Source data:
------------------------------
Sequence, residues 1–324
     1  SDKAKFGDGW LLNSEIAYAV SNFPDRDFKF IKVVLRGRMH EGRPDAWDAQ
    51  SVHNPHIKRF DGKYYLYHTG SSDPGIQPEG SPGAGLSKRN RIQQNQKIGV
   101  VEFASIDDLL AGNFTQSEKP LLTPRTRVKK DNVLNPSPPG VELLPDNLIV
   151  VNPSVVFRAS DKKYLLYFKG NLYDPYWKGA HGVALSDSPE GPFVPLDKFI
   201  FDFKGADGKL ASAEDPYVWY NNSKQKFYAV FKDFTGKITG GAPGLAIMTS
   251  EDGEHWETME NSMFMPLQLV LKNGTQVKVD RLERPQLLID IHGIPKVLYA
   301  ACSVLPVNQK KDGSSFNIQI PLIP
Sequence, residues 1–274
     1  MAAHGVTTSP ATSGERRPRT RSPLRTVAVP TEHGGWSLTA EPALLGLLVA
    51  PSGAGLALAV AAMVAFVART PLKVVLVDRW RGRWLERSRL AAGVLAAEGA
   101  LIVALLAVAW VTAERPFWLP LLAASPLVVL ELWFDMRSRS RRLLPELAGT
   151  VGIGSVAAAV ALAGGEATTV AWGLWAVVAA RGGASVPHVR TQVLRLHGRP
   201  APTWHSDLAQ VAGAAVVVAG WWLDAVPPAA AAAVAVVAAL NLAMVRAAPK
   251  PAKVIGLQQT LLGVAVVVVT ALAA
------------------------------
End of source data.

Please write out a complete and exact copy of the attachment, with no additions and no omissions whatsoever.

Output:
Sequence, residues 1–324
     1  SDKAKFGDGW LLNSEIAYAV SNFPDRDFKF IKVVLRGRMH EGRPDAWDAQ
    51  SVHNPHIKRF DGKYYLYHTG SSDPGIQPEG SPGAGLSKRN RIQQNQKIGV
   101  VEFASIDDLL AGNFTQSEKP LLTPRTRVKK DNVLNPSPPG VELLPDNLIV
   151  VNPSVVFRAS DKKYLLYFKG NLYDPYWKGA HGVALSDSPE GPFVPLDKFI
   201  FDFKGADGKL ASAEDPYVWY NNSKQKFYAV FKDFTGKITG GAPGLAIMTS
   251  EDGEHWETME NSMFMPLQLV LKNGTQVKVD RLERPQLLID IHGIPKVLYA
   301  ACSVLPVNQK KDGSSFNIQI PLIP
Sequence, residues 1–274
     1  MAAHGVTTSP ATSGERRPRT RSPLRTVAVP TEHGGWSLTA EPALLGLLVA
    51  PSGAGLALAV AAMVAFVART PLKVVLVDRW RGRWLERSRL AAGVLAAEGA
   101  LIVALLAVAW VTAERPFWLP LLAASPLVVL ELWFDMRSRS RRLLPELAGT
   151  VGIGSVAAAV ALAGGEATTV AWGLWAVVAA RGGASVPHVR TQVLRLHGRP
   201  APTWHSDLAQ VAGAAVVVAG WWLDAVPPAA AAAVAVVAAL NLAMVRAAPK
   251  PAKVIGLQQT LLGVAVVVVT ALAA